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Brands As Communities

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Today's world seems to be driven by consumerism. However, as consumer brands shift from the present intent of offering an experience to offering an identity, consumers find themselves connected with others as fellow members of a branded community. Do some drivers choose to pay a premium for a BMW automobile purely for its unique performance capabilities, or perhaps for the message it conveys to themselves and the others around them? Likely the later, although possibly supported by the former through cognitive dissonance.

The implications of evaluating brands as communities, rather than static corporate impressions, are significant and represent a paradigm shift for both consumers and companies. All too often, brands are seen as a monolithic construct from the company to the consumer, rather than an open conversation between both the company and the consumer, and more importantly вЂ" from consumer to consumer. In fact, in some cases it could potentially transform traditional consumers into content, experience, or value creators, themselves.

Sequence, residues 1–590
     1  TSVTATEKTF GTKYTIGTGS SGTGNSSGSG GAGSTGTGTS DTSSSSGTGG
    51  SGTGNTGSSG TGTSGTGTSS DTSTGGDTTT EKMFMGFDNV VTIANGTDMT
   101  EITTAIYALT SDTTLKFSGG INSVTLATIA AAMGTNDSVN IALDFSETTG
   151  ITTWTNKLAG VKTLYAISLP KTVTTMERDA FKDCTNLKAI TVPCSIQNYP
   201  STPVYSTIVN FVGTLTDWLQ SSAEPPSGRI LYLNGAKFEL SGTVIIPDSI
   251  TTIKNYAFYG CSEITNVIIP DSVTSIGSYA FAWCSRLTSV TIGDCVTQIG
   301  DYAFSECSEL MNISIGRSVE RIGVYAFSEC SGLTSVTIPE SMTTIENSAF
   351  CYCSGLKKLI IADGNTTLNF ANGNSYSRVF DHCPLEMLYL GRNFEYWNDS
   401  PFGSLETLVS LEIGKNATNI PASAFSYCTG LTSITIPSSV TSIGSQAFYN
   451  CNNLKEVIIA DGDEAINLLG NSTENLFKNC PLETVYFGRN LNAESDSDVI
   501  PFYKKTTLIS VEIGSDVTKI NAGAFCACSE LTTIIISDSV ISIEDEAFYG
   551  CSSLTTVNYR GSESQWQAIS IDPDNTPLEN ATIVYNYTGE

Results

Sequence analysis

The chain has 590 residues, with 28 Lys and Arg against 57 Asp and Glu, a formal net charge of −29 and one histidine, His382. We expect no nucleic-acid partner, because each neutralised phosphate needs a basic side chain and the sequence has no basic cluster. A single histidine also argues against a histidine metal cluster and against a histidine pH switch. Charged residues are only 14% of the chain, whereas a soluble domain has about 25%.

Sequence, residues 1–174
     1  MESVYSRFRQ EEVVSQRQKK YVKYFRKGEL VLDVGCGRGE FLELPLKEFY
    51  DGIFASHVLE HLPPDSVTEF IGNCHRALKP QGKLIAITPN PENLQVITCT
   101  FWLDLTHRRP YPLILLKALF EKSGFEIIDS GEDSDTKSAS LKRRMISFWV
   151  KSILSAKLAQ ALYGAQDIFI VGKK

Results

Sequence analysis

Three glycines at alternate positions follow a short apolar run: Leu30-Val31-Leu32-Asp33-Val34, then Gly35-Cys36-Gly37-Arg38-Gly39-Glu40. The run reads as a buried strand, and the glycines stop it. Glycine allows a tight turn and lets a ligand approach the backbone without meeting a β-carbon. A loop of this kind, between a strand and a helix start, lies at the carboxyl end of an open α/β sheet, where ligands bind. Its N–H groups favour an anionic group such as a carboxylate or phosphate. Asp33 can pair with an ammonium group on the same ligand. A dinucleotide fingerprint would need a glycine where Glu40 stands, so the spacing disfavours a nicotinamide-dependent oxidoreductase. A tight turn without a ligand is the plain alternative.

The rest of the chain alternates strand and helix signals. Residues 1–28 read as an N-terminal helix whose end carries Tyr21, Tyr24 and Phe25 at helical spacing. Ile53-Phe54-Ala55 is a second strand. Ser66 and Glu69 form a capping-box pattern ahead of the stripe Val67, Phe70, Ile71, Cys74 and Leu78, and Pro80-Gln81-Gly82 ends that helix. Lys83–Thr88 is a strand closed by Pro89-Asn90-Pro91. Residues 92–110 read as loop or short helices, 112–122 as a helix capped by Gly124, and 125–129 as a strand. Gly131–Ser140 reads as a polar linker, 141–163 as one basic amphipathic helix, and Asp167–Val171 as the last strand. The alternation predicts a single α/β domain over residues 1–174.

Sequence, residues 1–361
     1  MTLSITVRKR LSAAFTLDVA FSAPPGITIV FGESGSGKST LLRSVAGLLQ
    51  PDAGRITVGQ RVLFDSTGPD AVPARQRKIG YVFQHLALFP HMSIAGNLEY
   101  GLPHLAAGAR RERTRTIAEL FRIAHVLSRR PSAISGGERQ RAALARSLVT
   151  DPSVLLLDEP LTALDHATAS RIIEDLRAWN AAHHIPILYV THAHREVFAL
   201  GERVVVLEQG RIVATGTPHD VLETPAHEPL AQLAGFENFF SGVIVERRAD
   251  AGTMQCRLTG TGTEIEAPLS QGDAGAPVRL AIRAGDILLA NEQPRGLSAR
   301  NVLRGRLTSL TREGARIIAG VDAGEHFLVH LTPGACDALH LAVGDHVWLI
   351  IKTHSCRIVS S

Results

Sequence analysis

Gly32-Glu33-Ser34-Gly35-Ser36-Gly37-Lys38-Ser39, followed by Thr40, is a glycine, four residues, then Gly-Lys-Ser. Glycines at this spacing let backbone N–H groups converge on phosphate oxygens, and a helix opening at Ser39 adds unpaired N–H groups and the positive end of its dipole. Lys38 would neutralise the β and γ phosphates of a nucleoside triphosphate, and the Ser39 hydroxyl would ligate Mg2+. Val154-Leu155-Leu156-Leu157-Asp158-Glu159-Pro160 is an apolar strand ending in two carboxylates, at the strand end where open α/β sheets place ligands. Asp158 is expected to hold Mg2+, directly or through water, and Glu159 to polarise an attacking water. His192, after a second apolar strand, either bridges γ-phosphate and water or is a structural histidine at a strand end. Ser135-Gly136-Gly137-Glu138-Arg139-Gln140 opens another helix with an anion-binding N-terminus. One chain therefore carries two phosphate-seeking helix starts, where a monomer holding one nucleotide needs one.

This subject is of particular interest as advertising expenditures totaled more than $148 billion during 2007 in the U.S. Alone, according to TNS (2008). If branding and marketing efforts could be seen as community building rather than simply message promotion, marketers could potentially have greater effectiveness, consumer retention, and return per advertising dollar. The purpose of community building for brands should be to establish a deep personal relationship between the brand and the consumer, as well as between multiple consumers themselves.